Executive compensation is a difficult issue. Although we grant that the challenge in designing a reasonable system that works in all seasons is daunting, in the net we come down on the side that the compensation is too often too great.
We believe that the incentives are not adequately designed by objective third-parties — highly compensated directors who like their pay and serve at the pleasure of the CEO are not objective third parties.
Now with the moral hazard element associated with government rescue of financial institutions, the possibility of truly unjust enrichment of banking executives looms large.
Many bank executives received large salaries and large bonuses for the growth and illusory short-term profits associated with mortgage lending and mortgage securitization that landed us in the current mess.
Some lost their jobs as a result of massive losses of shareholder equity, while being shoved out the door with huge sums of severance pay.
Now we face the issue of executive stock options issued recently during this period of deeply depressed bank stock prices. Will they balloon into great riches for executives who happen to be at the helm when the Fed, the Treasury, the Congress and ultimately the tax payers bail-out the banking system?
To look at the situation more closely, we used The Corporate Library database, which tracks corporate actions, including executive compensation, and ranks public companies on several dimensions of corporate governance.
We found The Corporate Library database to be an excellent resource on all manner of questions about corporate actions, ranging from proxy issues, to board composition and cross linkages, to executive compensation and other matters. They roll it all up into a net corporate governance rating.
While this article is in an activist mode, the database seems to be well balanced — as Jack Web used to say on the old “Dragnet” TV detective show when interviewing witnesses to a crime; “Just the facts ma’am.”
In fact, the database would probably be useful for those who want to increase executive compensation at a company by studying the compensation of competitors.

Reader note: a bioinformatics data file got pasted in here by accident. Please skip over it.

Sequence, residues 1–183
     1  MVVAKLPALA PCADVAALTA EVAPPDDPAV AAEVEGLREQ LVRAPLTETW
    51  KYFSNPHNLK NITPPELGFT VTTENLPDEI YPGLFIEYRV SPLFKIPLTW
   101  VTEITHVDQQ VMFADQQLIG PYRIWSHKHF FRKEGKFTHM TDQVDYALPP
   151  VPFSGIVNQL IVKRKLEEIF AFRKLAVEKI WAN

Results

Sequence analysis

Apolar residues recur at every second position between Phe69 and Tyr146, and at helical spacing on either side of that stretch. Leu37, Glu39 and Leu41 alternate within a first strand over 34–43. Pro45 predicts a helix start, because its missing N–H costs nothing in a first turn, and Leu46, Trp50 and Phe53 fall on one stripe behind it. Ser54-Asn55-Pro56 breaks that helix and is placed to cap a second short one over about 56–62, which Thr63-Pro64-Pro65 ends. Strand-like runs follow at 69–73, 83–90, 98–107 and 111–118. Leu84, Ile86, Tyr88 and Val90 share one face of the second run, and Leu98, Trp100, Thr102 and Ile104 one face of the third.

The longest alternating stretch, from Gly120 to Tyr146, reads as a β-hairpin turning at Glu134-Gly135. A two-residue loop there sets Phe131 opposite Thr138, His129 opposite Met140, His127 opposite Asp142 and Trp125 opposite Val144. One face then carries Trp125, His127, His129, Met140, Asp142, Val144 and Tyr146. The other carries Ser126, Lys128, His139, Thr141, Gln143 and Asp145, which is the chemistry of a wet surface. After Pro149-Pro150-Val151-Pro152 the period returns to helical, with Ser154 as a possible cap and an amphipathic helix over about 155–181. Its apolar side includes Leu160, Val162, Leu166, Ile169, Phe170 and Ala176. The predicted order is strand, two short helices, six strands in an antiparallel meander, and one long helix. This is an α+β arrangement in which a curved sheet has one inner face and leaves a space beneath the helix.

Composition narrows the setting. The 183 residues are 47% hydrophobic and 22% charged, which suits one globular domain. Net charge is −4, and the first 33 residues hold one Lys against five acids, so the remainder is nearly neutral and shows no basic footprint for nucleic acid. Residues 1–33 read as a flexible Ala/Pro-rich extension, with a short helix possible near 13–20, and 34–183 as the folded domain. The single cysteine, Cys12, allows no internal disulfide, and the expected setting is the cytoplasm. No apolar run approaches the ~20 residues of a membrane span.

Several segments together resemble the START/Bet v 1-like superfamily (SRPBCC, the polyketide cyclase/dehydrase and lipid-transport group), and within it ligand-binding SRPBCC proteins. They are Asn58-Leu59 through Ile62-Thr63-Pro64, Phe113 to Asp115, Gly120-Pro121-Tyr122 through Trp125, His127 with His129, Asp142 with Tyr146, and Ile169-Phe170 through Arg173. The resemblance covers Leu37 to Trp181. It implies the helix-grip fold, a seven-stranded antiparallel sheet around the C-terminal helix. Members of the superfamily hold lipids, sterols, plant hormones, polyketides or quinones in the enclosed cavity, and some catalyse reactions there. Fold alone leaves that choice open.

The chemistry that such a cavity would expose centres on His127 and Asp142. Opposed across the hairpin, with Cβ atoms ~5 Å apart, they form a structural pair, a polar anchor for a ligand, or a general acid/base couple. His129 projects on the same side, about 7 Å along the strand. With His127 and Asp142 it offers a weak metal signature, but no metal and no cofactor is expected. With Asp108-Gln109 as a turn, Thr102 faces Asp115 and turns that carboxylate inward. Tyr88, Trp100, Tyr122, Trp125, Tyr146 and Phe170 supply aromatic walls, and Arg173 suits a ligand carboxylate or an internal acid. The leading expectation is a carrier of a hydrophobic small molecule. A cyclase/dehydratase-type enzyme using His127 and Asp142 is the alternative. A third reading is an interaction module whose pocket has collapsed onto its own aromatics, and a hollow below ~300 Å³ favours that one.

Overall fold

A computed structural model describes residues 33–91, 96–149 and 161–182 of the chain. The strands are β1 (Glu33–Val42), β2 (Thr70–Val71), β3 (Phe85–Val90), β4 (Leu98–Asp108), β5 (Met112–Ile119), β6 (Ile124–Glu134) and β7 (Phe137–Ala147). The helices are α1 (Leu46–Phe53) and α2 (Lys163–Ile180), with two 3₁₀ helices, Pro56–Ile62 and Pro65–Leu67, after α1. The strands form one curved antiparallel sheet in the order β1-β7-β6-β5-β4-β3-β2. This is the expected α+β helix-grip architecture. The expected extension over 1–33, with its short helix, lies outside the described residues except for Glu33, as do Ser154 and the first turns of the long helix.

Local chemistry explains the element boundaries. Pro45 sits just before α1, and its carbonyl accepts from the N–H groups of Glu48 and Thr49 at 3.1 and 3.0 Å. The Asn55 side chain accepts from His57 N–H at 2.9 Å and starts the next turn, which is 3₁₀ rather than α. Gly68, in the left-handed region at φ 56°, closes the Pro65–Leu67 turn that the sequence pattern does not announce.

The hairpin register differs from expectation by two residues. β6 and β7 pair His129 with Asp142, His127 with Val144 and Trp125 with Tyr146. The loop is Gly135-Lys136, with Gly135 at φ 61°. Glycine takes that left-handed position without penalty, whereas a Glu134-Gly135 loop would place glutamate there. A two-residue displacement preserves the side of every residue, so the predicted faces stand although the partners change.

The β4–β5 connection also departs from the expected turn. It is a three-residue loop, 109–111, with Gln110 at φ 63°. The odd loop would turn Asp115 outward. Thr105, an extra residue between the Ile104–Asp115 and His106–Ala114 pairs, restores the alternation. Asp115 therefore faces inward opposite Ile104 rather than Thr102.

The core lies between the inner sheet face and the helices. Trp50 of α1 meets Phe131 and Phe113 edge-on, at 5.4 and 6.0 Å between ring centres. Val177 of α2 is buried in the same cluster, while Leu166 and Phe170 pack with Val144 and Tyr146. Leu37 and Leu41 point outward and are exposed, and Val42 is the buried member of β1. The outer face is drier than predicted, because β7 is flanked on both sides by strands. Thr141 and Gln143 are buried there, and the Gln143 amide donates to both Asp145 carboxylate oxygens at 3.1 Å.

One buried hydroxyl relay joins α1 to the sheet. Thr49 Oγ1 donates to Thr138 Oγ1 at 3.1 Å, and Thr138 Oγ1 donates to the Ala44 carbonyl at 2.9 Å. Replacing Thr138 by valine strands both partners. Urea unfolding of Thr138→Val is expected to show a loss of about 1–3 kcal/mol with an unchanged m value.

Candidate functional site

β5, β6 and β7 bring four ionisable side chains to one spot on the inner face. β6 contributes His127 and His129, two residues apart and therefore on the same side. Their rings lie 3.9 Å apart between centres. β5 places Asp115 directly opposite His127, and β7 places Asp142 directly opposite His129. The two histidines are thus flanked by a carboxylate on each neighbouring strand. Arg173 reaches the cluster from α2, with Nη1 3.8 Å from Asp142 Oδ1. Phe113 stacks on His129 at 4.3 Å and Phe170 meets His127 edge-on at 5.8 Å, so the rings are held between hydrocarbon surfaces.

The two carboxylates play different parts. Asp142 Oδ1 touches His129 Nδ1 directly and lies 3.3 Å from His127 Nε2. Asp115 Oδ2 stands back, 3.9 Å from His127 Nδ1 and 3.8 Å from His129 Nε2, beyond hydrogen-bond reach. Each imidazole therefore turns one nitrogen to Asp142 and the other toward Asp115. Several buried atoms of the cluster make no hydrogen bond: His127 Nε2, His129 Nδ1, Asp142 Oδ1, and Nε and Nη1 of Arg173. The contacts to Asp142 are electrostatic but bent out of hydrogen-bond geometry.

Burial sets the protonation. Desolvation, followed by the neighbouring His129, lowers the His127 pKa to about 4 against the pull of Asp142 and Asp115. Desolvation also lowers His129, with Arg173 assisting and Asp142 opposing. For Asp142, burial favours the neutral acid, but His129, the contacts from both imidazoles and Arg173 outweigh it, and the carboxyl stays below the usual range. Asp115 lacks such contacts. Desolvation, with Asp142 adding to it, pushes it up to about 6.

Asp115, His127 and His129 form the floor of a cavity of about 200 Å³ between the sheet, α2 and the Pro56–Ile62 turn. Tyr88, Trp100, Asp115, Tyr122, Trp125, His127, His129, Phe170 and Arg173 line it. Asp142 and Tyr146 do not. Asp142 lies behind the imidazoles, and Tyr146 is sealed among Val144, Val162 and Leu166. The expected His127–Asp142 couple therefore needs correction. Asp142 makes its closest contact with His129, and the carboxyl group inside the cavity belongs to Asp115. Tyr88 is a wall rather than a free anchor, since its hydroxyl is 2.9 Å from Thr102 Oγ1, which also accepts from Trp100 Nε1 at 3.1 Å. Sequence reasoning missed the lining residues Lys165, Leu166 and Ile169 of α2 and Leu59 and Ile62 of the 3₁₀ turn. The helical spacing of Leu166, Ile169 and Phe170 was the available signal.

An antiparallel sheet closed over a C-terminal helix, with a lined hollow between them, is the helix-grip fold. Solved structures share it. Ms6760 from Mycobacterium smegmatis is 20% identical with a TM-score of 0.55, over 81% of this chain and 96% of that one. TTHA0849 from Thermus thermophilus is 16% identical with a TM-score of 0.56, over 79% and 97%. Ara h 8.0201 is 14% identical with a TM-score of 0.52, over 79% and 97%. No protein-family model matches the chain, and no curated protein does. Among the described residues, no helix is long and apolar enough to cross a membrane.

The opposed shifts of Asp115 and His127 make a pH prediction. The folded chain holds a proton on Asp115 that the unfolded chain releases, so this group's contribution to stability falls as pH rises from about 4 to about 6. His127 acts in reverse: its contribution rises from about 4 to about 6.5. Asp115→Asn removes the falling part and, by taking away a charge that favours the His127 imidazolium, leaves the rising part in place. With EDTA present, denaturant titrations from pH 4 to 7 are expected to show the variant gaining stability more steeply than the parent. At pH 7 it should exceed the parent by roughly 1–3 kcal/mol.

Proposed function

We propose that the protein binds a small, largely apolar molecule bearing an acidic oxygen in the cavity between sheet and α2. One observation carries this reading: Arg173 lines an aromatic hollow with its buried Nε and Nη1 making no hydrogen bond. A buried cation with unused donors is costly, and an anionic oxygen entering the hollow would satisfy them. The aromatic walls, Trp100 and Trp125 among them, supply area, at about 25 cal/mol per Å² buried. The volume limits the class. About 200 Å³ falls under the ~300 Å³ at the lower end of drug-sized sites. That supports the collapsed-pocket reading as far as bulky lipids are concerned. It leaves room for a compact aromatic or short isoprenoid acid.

However, if you do have an agenda, as we do in this article, the database makes corporate governance more transparent than might otherwise be the case.
We think if there was more transparency and communication of the facts on a regular basis, shareholders would do more to moderate the egregious executive compensation situations that pop up in the news when it is entirely too late to do anything about it. We just stare at the news like deer caught in headlights, or we get angry and talk tough, then go back to our routines until the next mind boggling compensation revelation.
We think there is a situation potentially brewing (unintended and unforeseen by the directors who approved the current compensation plans), but we think directors should do something now to prevent free money being handed out to executives as a result of a taxpayer bailout of the financial industry.
The table below contains data on CEO compensation for the 24 banks that are constituents of the Keefe Bruyette & Woods large bank index (NYSEARCA:KBE).
You can see from the data that CEOs of large banks make substantial incomes, and that a large portion of the total compensation comes in the form of incentive compensation.
Whether that incentive income comes from operational performance or stock performance, that performance will be boosted dramatically by current government action. Government action is a euphemism for you and me paying for the solution out of our tax pockets.
That government action will have more to do with the performance in the incentive compensation formulas than the skill, judgment and execution of the CEOs who will reap many millions in rewards for being at the helm when the corporate welfare was distributed from the Fed and Treasury.
We need a better system of executive compensation that is less self-serving, and directors who are less in-bred and more focused on their theoretical jobs of representing shareholders than on perpetuating their appointments by enriching the CEOs.
Call this a pre-emptive “I told you so” about the wealth that will be generated for the few by the many via the current financial sector bail-out.